It was in 1976 that Tony Madeiros, a local contract painter, purchased a small local stripping company and, with the help of his brother John, founded Bermuda Stripping and Refinishing.

After 40 years in the industry, Tony  sat down with us to tell us how it feels to be in business for so many years and where he sees BS&R going in the future.

How does it feel to celebrate 40 years of business?
It’s certainly hasn’t felt like 40 years! Time has flown by, but I feel great and am ready for another 40 years.

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How has BS&R grown? (staff, divisions, services, space, equipment, reach in BDA)
We first started as a Furniture Stripping and Refinishing business, and naturally progressed into antique restoration, spray finishing, and millwork fabrication. With new services offered, we have also had to increase our workspace.

Why did you decide to expand to the three divisions (T-Made, S&R, Antique)?
It was important for people to know the range of services we offered as the assumption was that we only worked with Antiques. We offer much more and had to reflect that.

What do you think has set BS&R apart from others in Bermuda?
Quality. Not that others don’t offer quality service and performance, it’s just that I personally wouldn’t take on work unless I was absolutely certain that I was the best person for the job. I’m confident that our customers appreciate that trait, and that they know they are getting a guaranteed level of work by coming to see us.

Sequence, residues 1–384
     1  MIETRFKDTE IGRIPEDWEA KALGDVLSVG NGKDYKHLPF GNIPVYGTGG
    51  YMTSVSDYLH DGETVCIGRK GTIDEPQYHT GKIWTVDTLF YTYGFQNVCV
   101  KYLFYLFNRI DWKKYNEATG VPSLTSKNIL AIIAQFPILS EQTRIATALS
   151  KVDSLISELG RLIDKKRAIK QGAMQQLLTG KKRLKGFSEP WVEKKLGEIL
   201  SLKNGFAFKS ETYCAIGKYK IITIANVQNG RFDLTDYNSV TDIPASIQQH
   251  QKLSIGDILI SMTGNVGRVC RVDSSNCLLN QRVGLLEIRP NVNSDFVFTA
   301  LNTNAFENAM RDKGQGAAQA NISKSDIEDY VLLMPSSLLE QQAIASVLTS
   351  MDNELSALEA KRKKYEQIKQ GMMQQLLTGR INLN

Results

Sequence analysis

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What is your favorite thing about this industry?
Learning. The amount of books, catalogues, magazines that I have collected on the woodworking industry is definitely taking up more space every year! It’s important to learn as much as you can in this industry, particularly technological advances. Machinery is also something that has always fascinated me, so I always look out for the latest tool.

What’s your next step with BS&R? What would you like to do or see more of in your shop?
Immediately, it’s important that we maintain the standard of work that we have set for ourselves. Moving forward I would personally like to acquire more machines to offer an even wider range of woodworking services.

Where do you see the industry going in the future?
More sustainable practices, and the integration of new techniques such as 3D printing. Automation is also moving rapidly overseas, particularly in larger commercial applications, but it may take a bit longer to reach some of the smaller businesses.

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